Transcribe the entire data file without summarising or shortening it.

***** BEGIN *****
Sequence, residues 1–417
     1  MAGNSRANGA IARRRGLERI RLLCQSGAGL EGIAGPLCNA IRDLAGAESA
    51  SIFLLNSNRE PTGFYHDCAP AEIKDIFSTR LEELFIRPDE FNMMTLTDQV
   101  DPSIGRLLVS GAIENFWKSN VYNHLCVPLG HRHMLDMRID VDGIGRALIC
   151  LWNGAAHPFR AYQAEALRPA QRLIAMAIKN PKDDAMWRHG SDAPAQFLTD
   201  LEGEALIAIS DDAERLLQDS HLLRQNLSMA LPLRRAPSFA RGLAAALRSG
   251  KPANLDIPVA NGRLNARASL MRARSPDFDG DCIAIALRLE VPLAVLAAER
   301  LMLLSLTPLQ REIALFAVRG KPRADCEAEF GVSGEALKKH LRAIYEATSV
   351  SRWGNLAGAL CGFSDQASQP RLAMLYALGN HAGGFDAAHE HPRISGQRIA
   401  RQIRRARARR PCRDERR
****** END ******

Sequence, residues 1–417
     1  MAGNSRANGA IARRRGLERI RLLCQSGAGL EGIAGPLCNA IRDLAGAESA
    51  SIFLLNSNRE PTGFYHDCAP AEIKDIFSTR LEELFIRPDE FNMMTLTDQV
   101  DPSIGRLLVS GAIENFWKSN VYNHLCVPLG HRHMLDMRID VDGIGRALIC
   151  LWNGAAHPFR AYQAEALRPA QRLIAMAIKN PKDDAMWRHG SDAPAQFLTD
   201  LEGEALIAIS DDAERLLQDS HLLRQNLSMA LPLRRAPSFA RGLAAALRSG
   251  KPANLDIPVA NGRLNARASL MRARSPDFDG DCIAIALRLE VPLAVLAAER
   301  LMLLSLTPLQ REIALFAVRG KPRADCEAEF GVSGEALKKH LRAIYEATSV
   351  SRWGNLAGAL CGFSDQASQP RLAMLYALGN HAGGFDAAHE HPRISGQRIA
   401  RQIRRARARR PCRDERR